Chai tea, or masala chai, is one of the most popular teas in India. After China, India boasts second place as the largest tea producer in the world, which is fitting, since “chai” actually means “tea” in Hindi.
Although chai tea is available for order on practically every coffeeshop menu today (especially in a warming latte), this spicy-sweet tea has been loved for thousands of years. Part of its popularity is the use of tea in Ayurvedic wellness traditions, which relies on beneficial plants to support health and well-being. Many of these plants make up the flavorful spices that give chai tea its unique and alluring taste.
Although there are different variations on how chai tea is made, it is traditionally brewed with black tea leaves and warming spices. It also contains milk and a sweetening agent to balance the bold spices with sweet flavor. The tea leaves and spices in chai tea have healthful benefits, too! Below you will find eight incredible wellness benefits of chai tea from the supportive nutrients hidden in its potent spices and tea leaves.
Black tea leaves are a source of catechins, a type of antioxidant. Antioxidants have been shown to minimize cell damage from free radicals. Free radicals enter your body in many ways, such as through food, the environment, and water. In an examination of what foods had the highest amount of antioxidants, tea and coffee contained the highest amount of antioxidants in the beverages category, including black tea. One of the antioxidants in black tea are catechins, a natural antioxidant. Catechins can cross the blood-brain barrier and have a beneficial impact on cells at the molecular level.*
Thousands of years ago, ginger was considered a luxury spice. Today, this herbaceous plant is used for the root, and it remains one of the most beloved spices in teas and cuisines all around the world! Plus, ginger helps ease occasional nausea and motion sickness.*
Today, you probably pay no more than $5 for a jar of cinnamon. In ancient times, cinnamon was as valuable as gold or silver. Ancient Egyptians used cinnamon for perfumery and in oil blends. Cinnamon adds rich flavor to chai tea and many sweet and savory foods. In the body, cinnamon helps maintain blood sugar levels already within a normal range.*
You might not go one meal without adding a little black pepper to it, but did you know that black pepper contains active compounds that help your body better absorb nutrients? Piperine is an alkaloid that gives black pepper its pungent aroma. It also assists with nutrient absorption and provides antioxidant support.*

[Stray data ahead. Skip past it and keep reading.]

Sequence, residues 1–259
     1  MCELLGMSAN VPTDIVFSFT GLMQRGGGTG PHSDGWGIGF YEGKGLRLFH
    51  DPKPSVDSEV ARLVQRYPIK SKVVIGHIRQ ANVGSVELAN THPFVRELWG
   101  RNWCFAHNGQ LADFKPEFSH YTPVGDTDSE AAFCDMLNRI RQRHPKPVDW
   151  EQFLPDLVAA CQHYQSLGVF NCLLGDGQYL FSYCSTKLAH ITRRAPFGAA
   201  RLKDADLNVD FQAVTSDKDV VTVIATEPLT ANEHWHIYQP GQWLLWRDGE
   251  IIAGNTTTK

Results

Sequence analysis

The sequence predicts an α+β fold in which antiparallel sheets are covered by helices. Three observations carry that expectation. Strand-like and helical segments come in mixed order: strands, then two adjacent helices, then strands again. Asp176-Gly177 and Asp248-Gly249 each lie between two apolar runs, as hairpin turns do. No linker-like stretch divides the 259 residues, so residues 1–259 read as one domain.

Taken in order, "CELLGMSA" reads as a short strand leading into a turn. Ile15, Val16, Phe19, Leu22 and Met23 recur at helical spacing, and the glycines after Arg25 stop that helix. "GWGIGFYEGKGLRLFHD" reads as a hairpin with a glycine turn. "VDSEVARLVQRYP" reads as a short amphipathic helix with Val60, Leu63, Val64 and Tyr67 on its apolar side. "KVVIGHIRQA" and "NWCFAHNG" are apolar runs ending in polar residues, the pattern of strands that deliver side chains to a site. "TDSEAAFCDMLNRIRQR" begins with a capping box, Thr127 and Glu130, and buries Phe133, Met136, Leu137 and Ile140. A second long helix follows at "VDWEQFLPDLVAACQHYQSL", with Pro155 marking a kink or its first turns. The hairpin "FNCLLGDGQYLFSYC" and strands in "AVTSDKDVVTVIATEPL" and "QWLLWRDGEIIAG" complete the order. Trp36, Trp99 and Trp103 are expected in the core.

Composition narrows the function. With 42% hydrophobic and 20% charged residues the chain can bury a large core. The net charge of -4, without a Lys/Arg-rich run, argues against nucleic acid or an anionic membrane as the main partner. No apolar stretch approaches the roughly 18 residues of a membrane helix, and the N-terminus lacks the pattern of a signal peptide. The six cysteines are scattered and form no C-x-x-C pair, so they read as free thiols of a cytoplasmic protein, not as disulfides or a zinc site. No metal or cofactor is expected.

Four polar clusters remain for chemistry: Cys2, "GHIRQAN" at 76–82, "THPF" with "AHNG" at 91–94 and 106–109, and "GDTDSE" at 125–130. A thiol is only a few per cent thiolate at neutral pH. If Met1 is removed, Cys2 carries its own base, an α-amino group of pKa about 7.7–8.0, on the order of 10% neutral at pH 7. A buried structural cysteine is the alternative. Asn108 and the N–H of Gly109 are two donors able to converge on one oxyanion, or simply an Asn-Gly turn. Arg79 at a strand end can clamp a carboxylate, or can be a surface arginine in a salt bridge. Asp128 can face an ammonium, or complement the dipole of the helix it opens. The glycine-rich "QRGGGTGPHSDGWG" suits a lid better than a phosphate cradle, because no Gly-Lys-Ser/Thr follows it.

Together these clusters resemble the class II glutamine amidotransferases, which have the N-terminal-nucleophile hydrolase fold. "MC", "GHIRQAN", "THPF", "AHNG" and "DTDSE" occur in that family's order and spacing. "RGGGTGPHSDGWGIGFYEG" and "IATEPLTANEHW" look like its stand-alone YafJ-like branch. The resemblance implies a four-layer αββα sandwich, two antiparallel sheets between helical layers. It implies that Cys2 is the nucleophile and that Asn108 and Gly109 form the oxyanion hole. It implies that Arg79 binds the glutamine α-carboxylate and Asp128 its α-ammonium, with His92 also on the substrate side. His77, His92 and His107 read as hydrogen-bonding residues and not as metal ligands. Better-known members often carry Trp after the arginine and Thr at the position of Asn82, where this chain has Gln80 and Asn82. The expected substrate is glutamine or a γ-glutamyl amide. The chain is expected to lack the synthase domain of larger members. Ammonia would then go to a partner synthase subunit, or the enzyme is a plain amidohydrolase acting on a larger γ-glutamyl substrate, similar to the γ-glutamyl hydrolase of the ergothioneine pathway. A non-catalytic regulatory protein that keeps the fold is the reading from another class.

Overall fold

Cardamom is a common culinary spice that has also been used for centuries in Ayurvedic tradition for its therapeutic properties, especially in aromatherapy. It has a bold and sweet flavor, and one study even found that the powerful scent of cardamom increased athletic performance during exercise.*
Cloves are another unmistakable and aromatic spice that contain some of the most important nutrients your body needs, including antioxidant Vitamin E, fiber, and Vitamin K. In addition, just one teaspoon of ground cloves contains 55% of the Daily Value of manganese, an essential trace element that supports bone health.*
Star anise is a unique evergreen tree that grows star-shaped fruits that are harvested before they ripen. Native to Vietnam and southwest China, the flavor of star anise brings a taste similar to licorice to food and drink. It is often added to garam masala, a spice blend used in Indian cuisine. Star anise also has antioxidant properties.
Because chai tea contains black tea leaves, it contains caffeine; however, the amount is significantly less than a cup of coffee. One cup of chai tea contains approximately 50 milligrams of caffeine. The average cup of coffee contains between 80 and 120 milligrams of caffeine depending on various factors, such as the type of beans and how it is brewed. If you are avoiding caffeine, you can make chai tea with decaffeinated black tea leaves instead.
Chai tea made with natural ingredients should not contain gluten; however, it depends on the source of ingredients. If you are ordering a chai tea latte at your favorite coffee shop or restaurant, it might be prepared with a pre-made mix that contains gluten.
The best way to make chai tea and ensure that it is gluten-free is to make it yourself! Plus, it will probably taste even better when each ingredient is lovingly handpicked by you—and it is easy to make with Teami’s fall-inspired chai latte recipe!
When making your own chai tea, you will need four basic ingredients: tea, spices, milk, and sweetener. If you are living a dairy-free lifestyle, you can use a milk substitute. Cashew milk is thick and creamy and is similar to the consistency of full-fat milk.
Here's how we make our favorite cozy, fall-inspired chai tea at Teami:
Steep Teami Chai in hot water for five minutes and add a small amount of your preferred sweetener. Remove the tea bag and throw away. Use a milk frother to whip milk and pour over chai tea. Sprinkle with cinnamon and nutmeg and enjoy it in your Teami tumbler.
Adi Arezzini | @adiarezzini
Co-Founder + CEO, Teami Blends
Certified Holistic Nutrition Coach